Best Intentions

by | Sep 20, 2010 | Detroit Free Press, Sports | 0 comments

On another doomed Sunday in Detroit, the Best part was a guy named Best, first name Jahvid, the rookie running back you’ve heard so much about. In his first official game at Ford Field, he finished with 232 yards of offense. He scored his third touchdown of the day with less than 5 minutes left. And on the next drive, he chewed up 30 yards to help the Lions close the gap to 35-32. They got so excited, they tried an onside kick!

Now, these things never pay off. They’re like scratch cards at a fast-food joint. But – holy unpredictability! – the Lions recovered. And out raced the offense, led by their Best player of the day (first name Jahvid) with 1:50 on the clock.

He never touched the ball again.

The Lions tried four straight passes. Only one was aimed at Best, and it was badly thrown. Amazingly, after this furious comeback, the Lions surrendered the ball on downs, without earning a single yard, without trying a single run, without getting it into the hands of the man who’d worked magic most of the day.

“You want to give balls to your playmakers,” Jim Schwartz said. “But you also want to not try to press it.”

And so the Lions’ Best player on the day (first name Jahvid) couldn’t help when they needed him most. This connects him with the best player on the roster, Calvin Johnson, who often gets erased on Sunday afternoons, under the argument “you don’t want to force it.”

This leads us to one place. The guy who can force it. Vick still has it for Eagles

And again, we’re back to the quarterback, where, let’s be honest, Sunday’s game was won and lost. Philadelphia and Detroit were starting their backup QBs, Michael Vick and Shaun Hill. I don’t want to say their backup outplayed our backup, but no one in Detroit is screaming for the backup to take over the starter’s job. In Philly, they’re doing that nonstop.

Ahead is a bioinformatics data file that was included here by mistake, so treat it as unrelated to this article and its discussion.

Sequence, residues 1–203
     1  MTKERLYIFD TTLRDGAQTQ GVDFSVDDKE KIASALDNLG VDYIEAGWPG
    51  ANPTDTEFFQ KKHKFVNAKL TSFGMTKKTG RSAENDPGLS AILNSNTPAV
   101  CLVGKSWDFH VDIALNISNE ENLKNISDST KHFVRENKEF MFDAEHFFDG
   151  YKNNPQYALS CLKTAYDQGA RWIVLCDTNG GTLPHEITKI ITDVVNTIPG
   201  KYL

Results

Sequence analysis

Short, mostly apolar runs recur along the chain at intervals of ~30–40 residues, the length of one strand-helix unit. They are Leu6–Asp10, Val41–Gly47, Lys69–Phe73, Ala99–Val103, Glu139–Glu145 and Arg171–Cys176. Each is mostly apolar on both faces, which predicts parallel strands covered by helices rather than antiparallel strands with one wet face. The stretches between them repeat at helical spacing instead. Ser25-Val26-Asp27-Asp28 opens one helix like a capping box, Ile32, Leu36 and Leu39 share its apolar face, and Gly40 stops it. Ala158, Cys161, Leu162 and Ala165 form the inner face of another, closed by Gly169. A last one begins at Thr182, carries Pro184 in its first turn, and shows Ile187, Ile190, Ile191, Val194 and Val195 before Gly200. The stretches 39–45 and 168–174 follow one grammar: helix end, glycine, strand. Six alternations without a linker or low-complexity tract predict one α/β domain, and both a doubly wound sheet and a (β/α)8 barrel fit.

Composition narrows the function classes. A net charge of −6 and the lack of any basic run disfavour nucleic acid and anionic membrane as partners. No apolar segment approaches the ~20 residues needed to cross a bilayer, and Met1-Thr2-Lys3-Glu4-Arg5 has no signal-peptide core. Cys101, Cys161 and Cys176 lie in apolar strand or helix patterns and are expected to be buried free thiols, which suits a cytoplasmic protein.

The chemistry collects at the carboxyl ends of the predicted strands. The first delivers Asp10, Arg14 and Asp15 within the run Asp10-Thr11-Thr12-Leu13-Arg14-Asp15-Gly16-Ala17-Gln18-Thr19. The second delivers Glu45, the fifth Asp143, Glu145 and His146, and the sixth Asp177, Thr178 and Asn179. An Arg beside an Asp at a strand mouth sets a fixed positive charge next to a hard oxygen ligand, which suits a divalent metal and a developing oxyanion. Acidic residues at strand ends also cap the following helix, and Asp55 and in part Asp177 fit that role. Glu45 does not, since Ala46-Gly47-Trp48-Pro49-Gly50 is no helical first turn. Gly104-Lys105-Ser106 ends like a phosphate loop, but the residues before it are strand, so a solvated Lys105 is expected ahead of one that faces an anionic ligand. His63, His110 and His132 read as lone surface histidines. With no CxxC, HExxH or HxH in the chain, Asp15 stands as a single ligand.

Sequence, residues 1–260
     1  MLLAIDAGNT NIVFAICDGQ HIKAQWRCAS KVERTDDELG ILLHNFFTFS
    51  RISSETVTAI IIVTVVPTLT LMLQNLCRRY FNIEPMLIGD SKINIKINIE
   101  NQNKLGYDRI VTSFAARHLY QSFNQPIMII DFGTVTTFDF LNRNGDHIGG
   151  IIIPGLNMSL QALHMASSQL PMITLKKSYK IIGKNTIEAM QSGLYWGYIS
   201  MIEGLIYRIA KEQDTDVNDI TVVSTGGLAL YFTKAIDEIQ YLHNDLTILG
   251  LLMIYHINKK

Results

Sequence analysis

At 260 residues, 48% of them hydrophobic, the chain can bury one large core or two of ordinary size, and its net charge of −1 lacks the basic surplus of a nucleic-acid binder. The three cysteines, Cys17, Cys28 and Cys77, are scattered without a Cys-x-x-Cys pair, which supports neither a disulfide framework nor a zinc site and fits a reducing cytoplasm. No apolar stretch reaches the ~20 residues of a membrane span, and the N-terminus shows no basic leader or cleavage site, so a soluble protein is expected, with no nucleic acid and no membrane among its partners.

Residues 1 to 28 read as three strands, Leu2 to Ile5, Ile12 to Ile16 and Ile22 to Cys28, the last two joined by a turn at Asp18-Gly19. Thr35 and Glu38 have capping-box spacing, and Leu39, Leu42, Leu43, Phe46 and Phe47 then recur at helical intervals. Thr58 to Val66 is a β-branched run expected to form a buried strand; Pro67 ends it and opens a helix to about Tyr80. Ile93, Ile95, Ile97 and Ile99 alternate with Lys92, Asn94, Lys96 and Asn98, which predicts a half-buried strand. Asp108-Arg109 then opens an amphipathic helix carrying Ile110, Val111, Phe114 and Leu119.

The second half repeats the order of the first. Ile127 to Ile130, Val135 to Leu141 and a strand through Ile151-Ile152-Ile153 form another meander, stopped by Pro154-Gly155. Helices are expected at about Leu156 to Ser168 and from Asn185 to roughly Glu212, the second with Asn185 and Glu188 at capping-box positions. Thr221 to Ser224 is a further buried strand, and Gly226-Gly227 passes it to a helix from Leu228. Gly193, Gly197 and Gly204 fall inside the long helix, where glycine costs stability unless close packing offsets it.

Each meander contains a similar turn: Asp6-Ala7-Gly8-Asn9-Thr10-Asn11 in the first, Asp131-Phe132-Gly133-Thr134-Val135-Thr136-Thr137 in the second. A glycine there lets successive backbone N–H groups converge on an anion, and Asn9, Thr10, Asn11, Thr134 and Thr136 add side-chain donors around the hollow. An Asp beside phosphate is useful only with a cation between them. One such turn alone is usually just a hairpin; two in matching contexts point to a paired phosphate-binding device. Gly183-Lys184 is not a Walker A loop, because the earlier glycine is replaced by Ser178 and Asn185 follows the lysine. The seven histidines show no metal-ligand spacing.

That’s because Vick may be unlikable, an ex-con, a loose cannon – but he still can play football. He confounded the Lions for 284 yards and two touchdowns passing, another 37 yards rushing, and enough escape moves to make Houdini come back to challenge him.

“He can scramble around and kill you,” Kyle Vanden Bosch admitted, and Vick did that just enough, escaping Lions who had clear shots at him, ducking a grasping hand, eluding an outstretched arm.

Vick made the plays, avoided the turnovers and allowed his offense to convert on big moments to marquee players. The Lions, meanwhile, couldn’t find Best at the end, and struggled to get Johnson the ball until the next-to-last drive. This is happening way too much. It’s as if Calvin is underwater; you see his body, but he’s not making noise.

If CJ is that big a weapon, he must do more than make four catches for 50 yards (Sunday’s total) or four for 45 yards (last Sunday’s total), even if each week there is one spectacular play. Why just one a week? Are the Lions so good they don’t need more? Defense yields far too often

The answer you hear is “we’re taking what the defense gives us.” I prefer making the defense take what you give IT. But this requires talent everywhere, especially at quarterback. Admit it, you wonder what Matthew Stafford could have done Sunday.

Hill is not Stafford. Hill is tough, a gamer. But when Schwartz was asked to evaluate him Sunday, the coach said, “He battled.” This is like the teacher writing on your son’s report card, “He does his best.”

But look at the bright side. Best did his Best. He scampered, he motored. He proved a pass-catching threat – especially on a 75-yard screen that saw him shred the defense virtually untouched. Yes, he was stopped on a fourth-and-1. Hey. It’s his second NFL game.

“Last week, I was nervous,” he said. “This week, I was calm and confident.”

Hmm. The Lions may have really found a running back. Unfortunately, they’ve lost their quarterback and their No. 2 receiver (Nate Burleson). If all the pieces ever get on board, this offense may indeed be strong enough to overcome a defense that gives up way to many big plays.

For now, the Lions tease, but their record after two games is the same as last year and the year before. And their dreams of being The Best are limited to a name on a running back’s jersey.


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Mitch Albom writes about running an orphanage in impoverished Port-au-Prince, Haiti, his kids, their hardships, laughs and challenges, and the life lessons he’s learned there every day.

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